Michael Yocabet and Christina Mecannic at the office of their attorney, Harry S. Cohen, talk about their lawsuit against UPMC. In May 2011, Yocabet received a kidney from Mecannic, who later learend she had hepitatis C, which Mr. Yocabet now also has.
By Sean D. Hamill Pittsburgh Post-Gazette
A Greene County couple involved in a botched kidney transplant that led to a two-month shutdown of UPMC's living donor kidney and liver transplant programs -- and to state and federal investigations -- filed two malpractice lawsuits this morning in Allegheny County Common Pleas Court.
Christina Mecannic and Michael Yocabet sued UPMC, University of Pittsburgh Physicians, four doctors and one nurse after federal investigators determined that an entire transplant team missed a test result that showed Ms. Mecannic was infected with hepatitis C when her kidney was transplanted into Mr. Yocabet on April 6.
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The 12-count lawsuits allege acts of professional negligence, corporate negligence, intentional and negligent misrepresentation, and intentional and negligent infliction of emotional distress. They ask for compensatory and punitive damages but do not ask for a specific amount. The lawsuits ask for a jury trial.
The lawsuits recount an exchange between Ms. Mecannic and an unnamed UPMC surgeon following the transplant.
It was May 6, 2011, and she had gone to UPMC Presbyterian Hospital from her home in Mather for a meeting with her doctor, not knowing why she needed to go in one month after she donated a kidney to her live-in boyfriend of 21 years, Mr. Yocabet, who had type 1 diabetes and diabetic nephropathy.
But a UPMC surgeon - whose name is not given in the suit - proceeded to ask her if she had "cheated on" Mr. Yocabet, and later asked if she may have recently used cocaine, according to the lawsuits.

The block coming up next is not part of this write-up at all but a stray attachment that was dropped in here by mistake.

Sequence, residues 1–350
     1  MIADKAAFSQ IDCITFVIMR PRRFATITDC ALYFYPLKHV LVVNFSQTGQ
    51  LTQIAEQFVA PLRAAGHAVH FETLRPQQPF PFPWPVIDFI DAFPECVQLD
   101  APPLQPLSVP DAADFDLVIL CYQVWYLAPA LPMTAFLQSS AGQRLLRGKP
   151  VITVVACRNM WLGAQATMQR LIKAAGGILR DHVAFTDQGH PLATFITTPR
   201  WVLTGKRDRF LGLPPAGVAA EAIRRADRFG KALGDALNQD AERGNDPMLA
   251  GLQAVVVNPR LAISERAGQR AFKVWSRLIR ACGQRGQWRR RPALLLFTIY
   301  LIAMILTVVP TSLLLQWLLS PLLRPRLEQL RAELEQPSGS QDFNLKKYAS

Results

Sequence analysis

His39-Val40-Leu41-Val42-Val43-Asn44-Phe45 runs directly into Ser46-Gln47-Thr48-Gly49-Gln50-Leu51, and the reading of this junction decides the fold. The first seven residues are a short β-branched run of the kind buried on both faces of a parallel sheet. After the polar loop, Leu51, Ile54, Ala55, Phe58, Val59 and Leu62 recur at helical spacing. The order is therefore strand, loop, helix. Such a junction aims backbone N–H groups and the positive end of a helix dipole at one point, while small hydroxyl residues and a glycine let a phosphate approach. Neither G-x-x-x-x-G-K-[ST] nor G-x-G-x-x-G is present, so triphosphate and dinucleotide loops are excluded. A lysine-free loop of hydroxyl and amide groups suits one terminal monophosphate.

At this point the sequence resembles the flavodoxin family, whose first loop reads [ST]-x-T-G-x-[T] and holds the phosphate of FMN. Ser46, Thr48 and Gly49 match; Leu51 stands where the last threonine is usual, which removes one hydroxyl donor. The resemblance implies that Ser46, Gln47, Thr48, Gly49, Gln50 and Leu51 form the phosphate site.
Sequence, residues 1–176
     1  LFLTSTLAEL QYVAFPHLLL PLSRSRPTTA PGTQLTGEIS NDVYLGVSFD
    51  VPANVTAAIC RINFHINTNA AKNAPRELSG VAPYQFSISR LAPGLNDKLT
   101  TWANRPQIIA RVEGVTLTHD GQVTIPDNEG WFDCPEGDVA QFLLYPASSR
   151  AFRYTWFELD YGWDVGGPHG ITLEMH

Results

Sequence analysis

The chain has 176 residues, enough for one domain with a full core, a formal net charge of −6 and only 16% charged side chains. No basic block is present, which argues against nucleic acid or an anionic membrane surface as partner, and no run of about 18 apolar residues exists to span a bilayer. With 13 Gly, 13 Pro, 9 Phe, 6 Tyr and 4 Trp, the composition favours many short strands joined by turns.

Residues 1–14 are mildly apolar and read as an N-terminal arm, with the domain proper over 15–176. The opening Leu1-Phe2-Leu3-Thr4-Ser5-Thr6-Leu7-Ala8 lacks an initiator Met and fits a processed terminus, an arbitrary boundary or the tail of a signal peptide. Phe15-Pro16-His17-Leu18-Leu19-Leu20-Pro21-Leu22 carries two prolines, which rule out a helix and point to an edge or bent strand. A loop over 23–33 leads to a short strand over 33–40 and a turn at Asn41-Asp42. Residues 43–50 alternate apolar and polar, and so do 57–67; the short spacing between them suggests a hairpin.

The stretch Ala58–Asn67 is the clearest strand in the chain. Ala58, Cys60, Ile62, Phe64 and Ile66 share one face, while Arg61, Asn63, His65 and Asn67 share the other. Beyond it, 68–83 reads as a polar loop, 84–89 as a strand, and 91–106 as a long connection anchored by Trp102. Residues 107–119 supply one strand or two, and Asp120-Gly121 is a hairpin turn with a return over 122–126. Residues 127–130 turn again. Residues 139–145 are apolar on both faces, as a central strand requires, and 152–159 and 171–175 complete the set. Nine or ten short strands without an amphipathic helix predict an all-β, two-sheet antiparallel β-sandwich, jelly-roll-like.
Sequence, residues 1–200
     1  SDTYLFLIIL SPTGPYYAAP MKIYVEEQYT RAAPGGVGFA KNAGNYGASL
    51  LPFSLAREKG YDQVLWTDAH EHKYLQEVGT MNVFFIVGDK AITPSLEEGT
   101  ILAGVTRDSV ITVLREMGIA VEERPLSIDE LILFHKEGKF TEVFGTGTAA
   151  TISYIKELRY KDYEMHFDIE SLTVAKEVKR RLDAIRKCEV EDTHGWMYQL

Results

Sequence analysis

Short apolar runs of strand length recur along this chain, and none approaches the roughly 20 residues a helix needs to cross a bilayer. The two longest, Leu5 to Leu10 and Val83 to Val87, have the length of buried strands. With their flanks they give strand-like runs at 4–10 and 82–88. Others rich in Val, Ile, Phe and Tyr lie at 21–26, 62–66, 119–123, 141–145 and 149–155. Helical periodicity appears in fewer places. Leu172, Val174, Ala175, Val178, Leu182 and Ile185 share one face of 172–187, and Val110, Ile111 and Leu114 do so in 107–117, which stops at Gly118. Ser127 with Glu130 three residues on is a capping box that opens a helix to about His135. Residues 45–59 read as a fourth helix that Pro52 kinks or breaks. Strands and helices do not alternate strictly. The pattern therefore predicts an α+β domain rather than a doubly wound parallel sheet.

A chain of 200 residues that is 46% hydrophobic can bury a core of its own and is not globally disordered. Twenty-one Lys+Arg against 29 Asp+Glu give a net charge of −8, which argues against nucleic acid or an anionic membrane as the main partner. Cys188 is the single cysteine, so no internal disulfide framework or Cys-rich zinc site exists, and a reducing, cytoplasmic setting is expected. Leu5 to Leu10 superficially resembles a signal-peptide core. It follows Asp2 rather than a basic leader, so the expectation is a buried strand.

The surgeon told her he was asking because she had tested positive for hepatitis C prior to the transplant but that she didn't need to tell Mr. Yocabet about the test result, the lawsuits said.
As part of six of the counts in each lawsuit, it is alleged that the suggestion by the surgeon that Ms. Mecannic not tell Mr. Yocabet about the positive test result was part of an attempted "cover-up."
Ms. Mecannic said in the lawsuit that she has never used cocaine nor been unfaithful to her partner.
UPMC said in a statement this afternoon: "We sincerely regret the human error that caused this situation however any allegation of a cover-up is completely false. Once the error was discovered, UPMC disclosed the information to the patients involved and UNOS. We voluntarily suspended our live-donor program and have fully complied with all investigations. The well-being of our patients remains our highest priority."
UNOS is the United Network for Organ Sharing, an organization that oversees the nation's transplant centers for the federal government.
A day after Ms. Mecannic's exchange with the surgeon, UPMC told the state and federal agencies overseeing its transplant operations that it was temporarily shutting down its living kidney transplant program because of the botched transplant, which ended up infecting Mr. Yocabet, the lawsuits say.
A transplant surgeon -- Henkie Tan, who then oversaw the living donor program -- and a nurse -- Mimi Funovits, the transplant coordinator on the case -- were disciplined for missing the test result. It would take federal regulators two more months to complete their investigations into the error and allow UPMC to restart the program.
Dr. Tan and Ms. Funovits are both named in the lawsuits, as are three other doctors, Mark Sturdevant, Jennifer Steel and Nirav Shah.